Friday, 31 October 2014 / TRUTH-OUT.ORG

Another Bridge Falls - Fixing Infrastructure Fixes Jobs and Deficits

Wednesday, 29 May 2013 09:52 By Dave Johnson, Campaign for America's Future | Op-Ed

Bridging the gap(Image: Bridging the gap via Shutterstock)We need your help to sustain grassroots, groundbreaking journalism. Make a tax-deductible contribution to Truthout now by clicking here.

Another aging highway bridge falls, cars and people in the water… This problem was well-known and urgent years ago! But Republicans block it, saying fixing our infrastructure is “more government spending.” Fixing our infrastructure is also jobs and economic growth. And after you fix or build a bridge you have the bridge.

In Seattle another aging bridge has fallen. The American Society of Civil Engineers report America’s 2013 Infrastructure Report Card gives us a D+ and says we are $3.6 trillion behind in infrastructure maintenance. And this is just to catch up, not get ahead.

This work has to be done at some point but today we have a 10 million person employment gap. And today we can get the money to do this at close to zero percent. We have the double need — it needs doing and we need jobs — and we can get the money almost free.

The hiring and purchase of American-made materials involved in fixing the infrastructure would bring millions of jobs. It would boost the economy, increase the tax revenue and decrease safety-net spending.

Fix Or Build A Bridge: You Have The Bridge

And did I mention that when we fix or build a bridge we have the bridge? After we have updated the roads, bridges, electrical systems, dams, airports and everything else that means our economy is much more competitive and efficient. So the benefits continue. Compare that to the supposed benefits of tax cuts. After the tax cuts you are left with the debt they cause and less revenue with which to pay it off.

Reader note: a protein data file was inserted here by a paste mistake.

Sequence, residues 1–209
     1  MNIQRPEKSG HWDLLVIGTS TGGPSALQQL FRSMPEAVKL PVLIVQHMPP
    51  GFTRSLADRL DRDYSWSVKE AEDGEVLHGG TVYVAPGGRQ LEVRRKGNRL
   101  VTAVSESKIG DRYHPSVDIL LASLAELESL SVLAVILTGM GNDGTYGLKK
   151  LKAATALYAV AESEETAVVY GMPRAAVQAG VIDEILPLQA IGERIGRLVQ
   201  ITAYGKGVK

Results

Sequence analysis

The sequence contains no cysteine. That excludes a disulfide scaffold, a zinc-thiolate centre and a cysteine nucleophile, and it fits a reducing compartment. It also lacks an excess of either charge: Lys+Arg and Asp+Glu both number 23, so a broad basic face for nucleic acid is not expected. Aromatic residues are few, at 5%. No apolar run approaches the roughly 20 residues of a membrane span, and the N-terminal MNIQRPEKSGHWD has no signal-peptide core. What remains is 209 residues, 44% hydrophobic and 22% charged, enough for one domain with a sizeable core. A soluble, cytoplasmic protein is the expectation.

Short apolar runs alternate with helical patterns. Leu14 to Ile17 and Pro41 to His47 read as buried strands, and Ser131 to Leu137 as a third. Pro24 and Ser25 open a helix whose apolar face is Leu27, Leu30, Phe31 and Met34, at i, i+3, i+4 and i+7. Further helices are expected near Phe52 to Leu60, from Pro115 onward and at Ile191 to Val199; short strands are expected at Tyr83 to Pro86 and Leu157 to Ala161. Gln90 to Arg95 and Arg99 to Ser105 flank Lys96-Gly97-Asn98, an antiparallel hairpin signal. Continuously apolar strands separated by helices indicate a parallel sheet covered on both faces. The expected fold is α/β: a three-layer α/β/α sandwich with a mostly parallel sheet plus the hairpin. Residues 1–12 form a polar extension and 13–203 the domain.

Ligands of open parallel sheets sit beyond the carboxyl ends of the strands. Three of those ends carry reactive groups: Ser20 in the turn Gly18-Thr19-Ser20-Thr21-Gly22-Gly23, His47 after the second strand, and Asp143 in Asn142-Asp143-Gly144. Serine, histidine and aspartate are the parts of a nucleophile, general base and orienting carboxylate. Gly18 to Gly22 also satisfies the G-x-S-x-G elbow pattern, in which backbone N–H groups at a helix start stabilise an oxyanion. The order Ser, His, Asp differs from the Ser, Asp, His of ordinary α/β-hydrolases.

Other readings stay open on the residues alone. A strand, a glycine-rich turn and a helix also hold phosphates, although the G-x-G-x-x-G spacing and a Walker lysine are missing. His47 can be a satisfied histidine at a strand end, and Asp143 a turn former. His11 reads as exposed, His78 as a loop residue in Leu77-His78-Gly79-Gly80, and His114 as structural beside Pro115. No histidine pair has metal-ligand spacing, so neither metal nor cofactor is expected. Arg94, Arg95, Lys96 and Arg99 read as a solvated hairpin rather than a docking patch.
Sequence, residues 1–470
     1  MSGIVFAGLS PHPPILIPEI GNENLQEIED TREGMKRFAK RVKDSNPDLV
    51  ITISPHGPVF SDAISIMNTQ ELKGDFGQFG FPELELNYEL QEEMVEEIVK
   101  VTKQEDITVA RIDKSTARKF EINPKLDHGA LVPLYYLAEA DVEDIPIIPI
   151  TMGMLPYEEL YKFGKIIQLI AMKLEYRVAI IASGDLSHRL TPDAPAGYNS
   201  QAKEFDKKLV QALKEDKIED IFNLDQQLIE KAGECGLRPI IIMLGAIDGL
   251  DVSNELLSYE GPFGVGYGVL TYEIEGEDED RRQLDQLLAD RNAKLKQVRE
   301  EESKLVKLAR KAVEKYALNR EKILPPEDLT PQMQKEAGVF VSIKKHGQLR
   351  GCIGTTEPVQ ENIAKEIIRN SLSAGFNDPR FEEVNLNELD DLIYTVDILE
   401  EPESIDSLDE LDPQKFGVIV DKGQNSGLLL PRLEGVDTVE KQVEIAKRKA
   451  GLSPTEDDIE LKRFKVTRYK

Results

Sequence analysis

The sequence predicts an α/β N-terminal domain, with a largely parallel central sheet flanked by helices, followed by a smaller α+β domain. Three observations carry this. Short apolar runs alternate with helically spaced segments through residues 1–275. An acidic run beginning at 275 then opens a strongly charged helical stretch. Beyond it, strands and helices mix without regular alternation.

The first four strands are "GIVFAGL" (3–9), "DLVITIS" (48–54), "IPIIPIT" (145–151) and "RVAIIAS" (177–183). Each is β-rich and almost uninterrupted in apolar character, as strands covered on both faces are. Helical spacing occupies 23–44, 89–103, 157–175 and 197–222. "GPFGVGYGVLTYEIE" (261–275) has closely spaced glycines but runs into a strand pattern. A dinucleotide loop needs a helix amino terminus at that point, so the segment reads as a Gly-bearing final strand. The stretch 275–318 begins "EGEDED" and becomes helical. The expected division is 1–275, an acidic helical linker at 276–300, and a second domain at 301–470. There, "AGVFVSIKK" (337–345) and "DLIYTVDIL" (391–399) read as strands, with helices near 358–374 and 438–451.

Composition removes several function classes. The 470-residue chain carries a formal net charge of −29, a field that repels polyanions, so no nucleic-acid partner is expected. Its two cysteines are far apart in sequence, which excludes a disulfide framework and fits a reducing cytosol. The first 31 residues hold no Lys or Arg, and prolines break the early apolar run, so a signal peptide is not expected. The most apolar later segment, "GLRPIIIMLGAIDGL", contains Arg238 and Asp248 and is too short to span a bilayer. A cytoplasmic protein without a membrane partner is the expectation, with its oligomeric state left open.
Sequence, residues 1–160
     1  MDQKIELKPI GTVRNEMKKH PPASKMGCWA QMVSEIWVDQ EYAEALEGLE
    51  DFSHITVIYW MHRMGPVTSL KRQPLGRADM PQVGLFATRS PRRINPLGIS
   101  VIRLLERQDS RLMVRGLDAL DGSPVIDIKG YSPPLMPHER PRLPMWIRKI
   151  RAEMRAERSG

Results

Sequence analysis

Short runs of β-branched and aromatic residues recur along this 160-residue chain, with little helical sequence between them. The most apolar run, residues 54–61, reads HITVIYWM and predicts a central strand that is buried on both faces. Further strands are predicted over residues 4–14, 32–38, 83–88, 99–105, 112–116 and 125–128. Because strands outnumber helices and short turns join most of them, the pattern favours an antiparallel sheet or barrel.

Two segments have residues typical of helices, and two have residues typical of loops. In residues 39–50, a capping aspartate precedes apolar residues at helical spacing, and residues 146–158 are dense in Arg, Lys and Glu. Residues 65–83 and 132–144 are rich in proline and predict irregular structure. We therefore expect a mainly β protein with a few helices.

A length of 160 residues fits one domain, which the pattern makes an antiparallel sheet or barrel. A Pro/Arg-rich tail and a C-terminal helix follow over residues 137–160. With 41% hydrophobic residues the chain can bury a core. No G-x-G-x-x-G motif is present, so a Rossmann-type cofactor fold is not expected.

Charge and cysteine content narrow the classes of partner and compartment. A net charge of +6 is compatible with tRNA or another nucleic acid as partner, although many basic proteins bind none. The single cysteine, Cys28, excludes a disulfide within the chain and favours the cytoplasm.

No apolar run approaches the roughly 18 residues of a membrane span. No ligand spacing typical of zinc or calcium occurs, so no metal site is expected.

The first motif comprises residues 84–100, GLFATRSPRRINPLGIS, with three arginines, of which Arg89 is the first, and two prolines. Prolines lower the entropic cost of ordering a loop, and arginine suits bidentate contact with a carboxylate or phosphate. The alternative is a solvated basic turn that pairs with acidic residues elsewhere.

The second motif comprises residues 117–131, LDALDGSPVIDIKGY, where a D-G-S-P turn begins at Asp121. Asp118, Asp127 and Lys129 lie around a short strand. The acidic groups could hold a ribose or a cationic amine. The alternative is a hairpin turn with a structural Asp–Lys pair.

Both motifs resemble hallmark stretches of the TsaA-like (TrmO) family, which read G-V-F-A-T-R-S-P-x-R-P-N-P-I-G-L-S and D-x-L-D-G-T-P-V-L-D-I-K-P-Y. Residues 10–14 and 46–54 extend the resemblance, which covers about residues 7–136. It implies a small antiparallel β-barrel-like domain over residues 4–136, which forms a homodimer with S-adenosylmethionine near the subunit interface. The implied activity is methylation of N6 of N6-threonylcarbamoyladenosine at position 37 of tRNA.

This is a trifecta of the urgent need to fix our aging infrastructure matched with all the good that it will do for us to do this now.

WTF is the matter with Republicans, that they won’t even let us maintain the country’s infrastructure? They call it “just more big-government spending.” In fact they force this sequester of cuts, and demand even more cuts! (More here, here, here, here, here, here, here.)

In this mornings post, Washington’s Literal Sinkhole, And Our Idiotic Fixation On Deficitswritten before the bridge collapse — Bob Borosage laid it out,

There is an idiocy about our current national politics that is simply stupefying. We are sitting idly, watching, and suffering, as our nation disintegrates into a run-down backwater. Our airports are a global disgrace. Our railroads, broadband, energy grid are all outmoded by international standards. A bridge falls every other day. Our sewage systems are overwhelmed by normal use, and collapse in the extreme weather that has become the national norm. Sinkholes now are becoming a life-threatening peril.

At the same time, over 20 million people are in need of full-time work.

1) Urgent need to fix the infrastructure.
2) Urgent unemployment problem.
3) Fixing #1 fixes #2.
4) We can get the money for free.
5) It isn’t “government spending”; it is investment in ourselves because after we fix or build a bridge, we have the bridge - and all the things that does for the economy.
6) WTF?

This piece was reprinted by Truthout with permission or license. It may not be reproduced in any form without permission or license from the source.

Dave Johnson

Dave Johnson (Redwood City, CA) is a Fellow at Campaign for America's Future, writing about American manufacturing, trade and economic/industrial policy. He is also a Senior Fellow with Renew California.

Dave has more than 20 years of technology industry experience including positions as CEO and VP of marketing. His earlier career included technical positions, including video game design at Atari and Imagic. And he was a pioneer in design and development of productivity and educational applications of personal computers. More recently he helped co-found a company developing desktop systems to validate carbon trading in the US.